Protista: Everything That’s Not Something Else...

Alex Wierbinski's picture

By Alex Wierbinski - Posted on 24 April 2019



Protista: Everything That’s Not Something Else...

Protista In the Tree of Micro Life
 Two-empire system tree. Six Kingdoms of living things tree. Phylogenetic tree of life. Symbiogenetic evolution of eukaryotes, Maulucioni y Doridí, Wiki.
Pastel pencils drawing of: Two-empire system tree. Six Kingdoms of living things tree. Phylogenetic tree of life. Symbiogenetic evolution of eukaryotes. By Maulucioni y Doridí, Wiki.

Study Reveals Vast Diversity of Ocean Microbes,
Bigelow Laboratory for Ocean Sciences, April 24, 2019.


Study of Protista

“Protista,” The Big Catch-All for Microscopic Life

Protista; "...any eukaryote that is not an animal, (land) plant, or (true) fungus" Wiki.

Little Understood
“Advanced molecular techniques have revealed the diversity of a little-understood group of ocean microbes called protists.”

Ecosystem in Every Drop
"Every drop of seawater contains microbial ecosystems we know very little about, and it is urgently important to understand this fundamental ecosystem of our ocean planet, Earth, and how it reacts to change."

“This sailing voyage sampled the global ocean between 2009 and 2013, taking a snapshot of the microbial communities thriving around the world and capturing the incredible variability of planktonic life.”

Variety of Protista Life
 red algae (Chondrus crispus); brown algae (Giant Kelp); ciliate (Frontonia); golden algae (Dinobryon); Foraminifera (Radiolaria); parasitic flagellate (Giardia muris); pathogenic amoeba (Acanthamoeba); amoebozoan slime mold (Fuligo septica, group credit, Wiki.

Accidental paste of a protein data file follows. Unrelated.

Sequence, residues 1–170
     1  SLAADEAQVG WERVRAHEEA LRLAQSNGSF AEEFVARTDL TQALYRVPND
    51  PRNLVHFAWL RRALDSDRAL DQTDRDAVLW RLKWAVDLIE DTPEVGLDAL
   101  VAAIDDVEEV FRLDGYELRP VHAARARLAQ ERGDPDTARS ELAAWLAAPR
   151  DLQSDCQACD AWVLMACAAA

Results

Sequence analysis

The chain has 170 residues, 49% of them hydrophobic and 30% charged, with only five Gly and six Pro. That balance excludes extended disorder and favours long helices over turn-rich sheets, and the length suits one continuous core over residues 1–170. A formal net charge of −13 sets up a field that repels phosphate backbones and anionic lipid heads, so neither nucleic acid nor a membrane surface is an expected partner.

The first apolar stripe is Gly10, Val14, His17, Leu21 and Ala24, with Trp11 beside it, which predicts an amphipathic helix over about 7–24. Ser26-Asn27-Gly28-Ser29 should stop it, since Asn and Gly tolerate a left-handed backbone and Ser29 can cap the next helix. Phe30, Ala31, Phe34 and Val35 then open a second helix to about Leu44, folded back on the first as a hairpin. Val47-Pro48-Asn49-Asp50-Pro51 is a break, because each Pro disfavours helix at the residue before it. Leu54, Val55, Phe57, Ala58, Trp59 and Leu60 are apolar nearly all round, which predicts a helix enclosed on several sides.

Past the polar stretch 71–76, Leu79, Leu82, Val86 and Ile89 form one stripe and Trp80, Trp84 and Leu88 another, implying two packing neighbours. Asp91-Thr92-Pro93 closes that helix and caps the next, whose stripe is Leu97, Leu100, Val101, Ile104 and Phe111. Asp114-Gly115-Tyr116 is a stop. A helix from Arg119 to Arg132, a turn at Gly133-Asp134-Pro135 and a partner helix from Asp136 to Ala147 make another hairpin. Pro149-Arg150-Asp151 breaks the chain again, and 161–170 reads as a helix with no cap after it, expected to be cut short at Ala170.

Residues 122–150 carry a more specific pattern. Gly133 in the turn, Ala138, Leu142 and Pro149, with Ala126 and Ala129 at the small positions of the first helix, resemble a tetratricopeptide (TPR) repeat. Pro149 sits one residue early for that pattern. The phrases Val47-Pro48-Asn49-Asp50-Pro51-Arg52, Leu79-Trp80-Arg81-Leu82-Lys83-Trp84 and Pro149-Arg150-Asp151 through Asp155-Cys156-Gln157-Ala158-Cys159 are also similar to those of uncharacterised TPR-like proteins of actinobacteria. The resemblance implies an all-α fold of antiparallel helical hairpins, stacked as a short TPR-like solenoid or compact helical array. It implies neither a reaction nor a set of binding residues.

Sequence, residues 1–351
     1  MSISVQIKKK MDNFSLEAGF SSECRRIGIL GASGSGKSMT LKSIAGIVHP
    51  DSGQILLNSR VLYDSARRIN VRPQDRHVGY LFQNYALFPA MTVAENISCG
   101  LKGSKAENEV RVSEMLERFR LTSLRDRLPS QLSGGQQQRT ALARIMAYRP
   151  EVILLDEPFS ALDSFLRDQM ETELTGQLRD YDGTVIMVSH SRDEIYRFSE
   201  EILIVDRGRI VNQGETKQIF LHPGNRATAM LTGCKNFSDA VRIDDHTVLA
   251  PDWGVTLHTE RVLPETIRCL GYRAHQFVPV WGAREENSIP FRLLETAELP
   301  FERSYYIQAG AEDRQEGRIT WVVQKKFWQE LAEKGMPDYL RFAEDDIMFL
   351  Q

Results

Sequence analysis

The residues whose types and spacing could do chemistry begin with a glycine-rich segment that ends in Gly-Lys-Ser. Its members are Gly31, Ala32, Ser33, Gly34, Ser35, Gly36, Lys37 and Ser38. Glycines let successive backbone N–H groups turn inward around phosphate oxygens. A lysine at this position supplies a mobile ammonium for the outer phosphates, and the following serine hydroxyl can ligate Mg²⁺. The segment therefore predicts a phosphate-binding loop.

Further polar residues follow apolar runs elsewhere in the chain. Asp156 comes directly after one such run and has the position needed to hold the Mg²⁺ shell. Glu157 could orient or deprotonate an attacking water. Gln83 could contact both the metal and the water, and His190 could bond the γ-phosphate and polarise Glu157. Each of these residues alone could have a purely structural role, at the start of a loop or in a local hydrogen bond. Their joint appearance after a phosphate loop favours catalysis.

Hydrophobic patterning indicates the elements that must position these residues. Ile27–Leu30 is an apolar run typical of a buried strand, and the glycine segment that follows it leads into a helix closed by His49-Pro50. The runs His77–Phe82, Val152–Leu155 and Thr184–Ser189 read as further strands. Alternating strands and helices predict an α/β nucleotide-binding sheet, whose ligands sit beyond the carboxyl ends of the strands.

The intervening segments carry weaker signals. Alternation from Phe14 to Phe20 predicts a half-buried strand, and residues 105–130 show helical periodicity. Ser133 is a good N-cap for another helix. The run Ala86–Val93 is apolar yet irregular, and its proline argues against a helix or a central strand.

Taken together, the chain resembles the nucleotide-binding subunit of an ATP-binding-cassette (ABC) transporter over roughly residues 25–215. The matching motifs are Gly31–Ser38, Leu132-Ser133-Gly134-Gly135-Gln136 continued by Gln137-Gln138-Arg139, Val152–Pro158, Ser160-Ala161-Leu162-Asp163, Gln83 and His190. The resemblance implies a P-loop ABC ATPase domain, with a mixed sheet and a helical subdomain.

Clockwise from top left: red algae (Chondrus crispus); brown algae (Giant Kelp); ciliate (Frontonia); golden algae (Dinobryon); Foraminifera (Radiolaria); parasitic flagellate (Giardia muris); pathogenic amoeba (Acanthamoeba); amoebozoan slime mold (Fuligo septica, group credit, Wiki. (Malaria is also a Protista)

Protists Genomics
”...documented over 900 single cell genomes, which scientists around the world will be able to reference when identifying protists in the future.”

"Although they are much less abundant than bacteria, we are finding that examining protists reveals much more complexity within marine ecosystems."

Light into Microscopic Darkness
"We are starting to unveil the full extent of the diversity and ecological roles of these fascinating components of marine ecosystems."



Bottom Lines

Macro and Mico Worlds of Wonder

Our World Between, “Universes”
Humans’ world exist between two, “universes,” one that could be said to be vast and external to our planet, the other microscopic and internal. The expansive grand physical and multi-billion year time scales of our partially-known celestial universe surrounding us, is our most amazing external universe. But that’s not everything.

Closer to home, on our planet itself there exists a universe in microscopic scale, where whole ecosystems of a wide variety of single-celled life exists within a single drop of seawater.